Active and directed correction is best policy for bad habits, would you say?
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You need to Login to know who's really who.
comprex wrote:
Active and directed correction is best policy for bad habits, would you say?
Yep. And experimentation. Just make sure to stay safe. Other than that, try things and see if they help.

Certainly, if you can't see out of the top of your goggles, you are going to tip your head back in order to see--or you'll stare at the tips of your skis.

Other things off the top of my head: tuck a baloon under your chin. Look at the tops of the trees at some point in each turn. I'm sure you can think of others...
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 Anyway, snowHeads is much more fun if you do.
Anyway, snowHeads is much more fun if you do.
Funny, I was reading your (unrelated) Waltz drill description just after this little chat and just after thinking I should perhaps try to think of myself as ballroom dancing and not swooping downslope. Alas, that was something else entirely. Sad
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You'll need to Register first of course.
ssh, I read the bit about Waltz drill - I think I understand it (although I take your point that it's possibly difficult to describe in writing). Are you talking about a short stint of backward skiing followed immediately by some forward skiing (etc ad nauseum) - a bit like the shuffle some people do when parking a car???

???
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 Then you can post your own questions or snow reports...
Then you can post your own questions or snow reports...
Manda, yes, kind of. (I've done this drill with ssh and others at the ESA)

Rather than a W think of it more like UU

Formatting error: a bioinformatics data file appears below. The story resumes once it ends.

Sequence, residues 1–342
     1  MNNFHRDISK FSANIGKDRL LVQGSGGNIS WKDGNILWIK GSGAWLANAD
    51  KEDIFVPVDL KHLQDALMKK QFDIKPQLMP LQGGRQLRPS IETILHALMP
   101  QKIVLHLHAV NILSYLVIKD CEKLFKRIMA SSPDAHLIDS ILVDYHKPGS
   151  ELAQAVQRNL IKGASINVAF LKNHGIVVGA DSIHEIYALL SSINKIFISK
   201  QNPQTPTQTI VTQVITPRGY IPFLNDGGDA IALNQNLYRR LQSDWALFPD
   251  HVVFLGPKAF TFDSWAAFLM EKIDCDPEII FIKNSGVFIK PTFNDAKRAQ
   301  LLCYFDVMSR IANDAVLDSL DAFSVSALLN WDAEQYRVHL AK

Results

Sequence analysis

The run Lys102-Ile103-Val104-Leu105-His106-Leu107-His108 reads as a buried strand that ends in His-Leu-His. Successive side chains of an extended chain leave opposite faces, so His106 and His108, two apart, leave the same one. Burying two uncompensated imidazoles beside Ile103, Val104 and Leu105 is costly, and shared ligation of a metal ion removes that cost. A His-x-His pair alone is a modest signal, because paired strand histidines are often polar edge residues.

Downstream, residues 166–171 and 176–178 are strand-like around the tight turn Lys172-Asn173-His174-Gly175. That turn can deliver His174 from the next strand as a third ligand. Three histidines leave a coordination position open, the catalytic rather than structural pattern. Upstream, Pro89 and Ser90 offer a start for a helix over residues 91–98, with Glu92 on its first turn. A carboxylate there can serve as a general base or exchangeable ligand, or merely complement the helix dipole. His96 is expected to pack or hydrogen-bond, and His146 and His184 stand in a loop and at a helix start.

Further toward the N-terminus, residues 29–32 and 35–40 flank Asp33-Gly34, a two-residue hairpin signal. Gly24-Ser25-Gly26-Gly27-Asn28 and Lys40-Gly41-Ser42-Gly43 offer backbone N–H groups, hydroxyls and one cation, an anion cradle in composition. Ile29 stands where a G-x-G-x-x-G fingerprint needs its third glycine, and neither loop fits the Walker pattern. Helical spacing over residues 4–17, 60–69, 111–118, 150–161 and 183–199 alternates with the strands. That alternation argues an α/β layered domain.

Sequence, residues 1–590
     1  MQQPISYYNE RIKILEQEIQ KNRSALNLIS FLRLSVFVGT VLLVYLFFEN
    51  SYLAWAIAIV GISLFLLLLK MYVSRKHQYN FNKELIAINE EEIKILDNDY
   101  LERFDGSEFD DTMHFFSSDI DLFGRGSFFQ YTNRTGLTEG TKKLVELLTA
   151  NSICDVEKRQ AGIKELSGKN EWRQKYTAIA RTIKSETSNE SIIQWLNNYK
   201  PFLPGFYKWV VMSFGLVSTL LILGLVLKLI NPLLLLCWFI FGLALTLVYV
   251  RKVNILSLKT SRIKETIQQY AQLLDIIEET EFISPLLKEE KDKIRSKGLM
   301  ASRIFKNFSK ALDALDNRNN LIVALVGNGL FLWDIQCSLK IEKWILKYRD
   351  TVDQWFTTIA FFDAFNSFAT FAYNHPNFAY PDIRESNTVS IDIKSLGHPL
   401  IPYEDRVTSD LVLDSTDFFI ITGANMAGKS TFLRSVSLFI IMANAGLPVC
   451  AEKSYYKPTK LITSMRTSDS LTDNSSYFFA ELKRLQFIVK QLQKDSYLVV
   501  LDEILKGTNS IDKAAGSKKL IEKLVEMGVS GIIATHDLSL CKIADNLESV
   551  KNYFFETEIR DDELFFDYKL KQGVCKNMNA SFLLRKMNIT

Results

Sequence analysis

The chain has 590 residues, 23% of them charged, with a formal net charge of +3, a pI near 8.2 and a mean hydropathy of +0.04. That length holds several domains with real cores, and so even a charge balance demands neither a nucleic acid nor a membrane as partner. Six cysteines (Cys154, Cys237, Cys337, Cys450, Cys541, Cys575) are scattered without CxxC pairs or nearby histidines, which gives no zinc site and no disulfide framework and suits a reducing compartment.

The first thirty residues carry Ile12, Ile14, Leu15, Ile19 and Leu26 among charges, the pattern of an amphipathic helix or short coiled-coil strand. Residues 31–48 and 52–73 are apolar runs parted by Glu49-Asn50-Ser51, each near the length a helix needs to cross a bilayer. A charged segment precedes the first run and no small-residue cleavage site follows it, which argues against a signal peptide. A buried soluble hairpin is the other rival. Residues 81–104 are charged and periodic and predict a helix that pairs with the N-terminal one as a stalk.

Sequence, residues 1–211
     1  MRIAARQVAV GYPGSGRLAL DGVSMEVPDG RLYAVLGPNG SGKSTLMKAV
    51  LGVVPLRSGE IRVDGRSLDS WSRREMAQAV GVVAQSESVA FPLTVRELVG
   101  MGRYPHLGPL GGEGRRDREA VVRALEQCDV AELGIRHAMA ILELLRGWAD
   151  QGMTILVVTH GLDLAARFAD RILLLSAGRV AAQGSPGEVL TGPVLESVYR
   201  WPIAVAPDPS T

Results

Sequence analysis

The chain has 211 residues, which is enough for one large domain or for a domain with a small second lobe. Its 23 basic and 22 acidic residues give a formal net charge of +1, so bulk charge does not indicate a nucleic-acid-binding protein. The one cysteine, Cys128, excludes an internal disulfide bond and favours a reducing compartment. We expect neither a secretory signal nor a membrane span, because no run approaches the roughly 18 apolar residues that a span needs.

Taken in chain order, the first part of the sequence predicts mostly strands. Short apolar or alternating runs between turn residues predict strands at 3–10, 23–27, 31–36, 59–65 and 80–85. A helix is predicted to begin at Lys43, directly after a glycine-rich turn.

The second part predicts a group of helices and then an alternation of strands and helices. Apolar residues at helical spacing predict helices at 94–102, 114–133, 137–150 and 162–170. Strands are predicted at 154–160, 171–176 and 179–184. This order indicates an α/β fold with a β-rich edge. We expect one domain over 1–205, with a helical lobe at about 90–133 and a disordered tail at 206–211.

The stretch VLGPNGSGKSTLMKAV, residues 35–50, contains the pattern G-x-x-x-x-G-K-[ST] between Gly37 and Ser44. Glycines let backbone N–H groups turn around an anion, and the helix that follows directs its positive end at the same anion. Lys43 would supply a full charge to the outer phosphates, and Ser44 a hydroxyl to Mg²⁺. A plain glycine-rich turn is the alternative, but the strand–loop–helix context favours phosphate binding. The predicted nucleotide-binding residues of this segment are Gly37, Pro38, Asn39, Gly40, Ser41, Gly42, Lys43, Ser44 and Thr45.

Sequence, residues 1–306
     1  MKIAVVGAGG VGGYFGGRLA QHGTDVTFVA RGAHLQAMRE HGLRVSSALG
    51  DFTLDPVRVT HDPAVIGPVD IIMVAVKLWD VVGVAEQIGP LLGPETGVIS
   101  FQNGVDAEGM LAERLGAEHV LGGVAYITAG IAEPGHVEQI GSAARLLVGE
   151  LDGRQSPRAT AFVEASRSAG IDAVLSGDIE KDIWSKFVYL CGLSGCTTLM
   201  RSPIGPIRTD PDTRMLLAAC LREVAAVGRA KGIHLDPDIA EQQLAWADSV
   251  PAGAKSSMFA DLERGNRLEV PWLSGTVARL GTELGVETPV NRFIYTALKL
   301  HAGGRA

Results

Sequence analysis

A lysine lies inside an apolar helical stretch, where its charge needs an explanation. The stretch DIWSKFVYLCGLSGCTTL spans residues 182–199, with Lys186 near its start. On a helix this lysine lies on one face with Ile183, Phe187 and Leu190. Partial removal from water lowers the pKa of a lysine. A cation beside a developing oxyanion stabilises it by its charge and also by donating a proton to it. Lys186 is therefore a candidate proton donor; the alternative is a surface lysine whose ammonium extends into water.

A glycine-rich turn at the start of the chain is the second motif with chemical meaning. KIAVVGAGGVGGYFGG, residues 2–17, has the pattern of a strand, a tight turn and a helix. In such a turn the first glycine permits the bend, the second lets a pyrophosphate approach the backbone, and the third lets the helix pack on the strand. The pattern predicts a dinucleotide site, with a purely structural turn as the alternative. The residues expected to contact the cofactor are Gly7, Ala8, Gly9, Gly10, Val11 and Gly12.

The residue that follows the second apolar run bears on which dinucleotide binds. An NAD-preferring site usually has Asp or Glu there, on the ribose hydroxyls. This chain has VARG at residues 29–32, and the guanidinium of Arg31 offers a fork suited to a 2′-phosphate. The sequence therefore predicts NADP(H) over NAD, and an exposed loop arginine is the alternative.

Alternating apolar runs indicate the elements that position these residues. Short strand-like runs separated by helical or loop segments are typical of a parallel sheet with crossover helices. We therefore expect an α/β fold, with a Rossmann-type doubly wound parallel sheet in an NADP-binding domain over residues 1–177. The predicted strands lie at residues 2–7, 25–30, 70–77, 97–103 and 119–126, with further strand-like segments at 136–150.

So, start at the left with your tips pointing down the hill. Go down, and arc them round until you're going UP the hill (that makes the first U), as you slow down, now start going backwards, and make the same turn across the slope but with the tails, not the tips, leading, and that's the second U. You'll now be at the right side of the slope, and facing down the hill. So, ski forward, arc round, until you're going up the hill, then do the same turn, but tails first.
The idea is to do it fluidly, i.e. without stopping during the transition.

Does this make it any clearer?
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 After all it is free Go on u know u want to!
After all it is free Go on u know u want to!
Wear The Fox Hat, that's the difficult version. The easier version is to start tails first, ride them around until they point uphill, then pivot the feet (from the legs) and shape the second U with the tips leading.
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You'll get to see more forums and be part of the best ski club on the net.
ssh, WTFH gave the men's (lead) version.
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 Ski the Net with snowHeads
Ski the Net with snowHeads
Wear The Fox Hat Shocked Shocked Shocked Well I won't be trying THAT on the open slopes - too likely I'd take out a child or somesuch.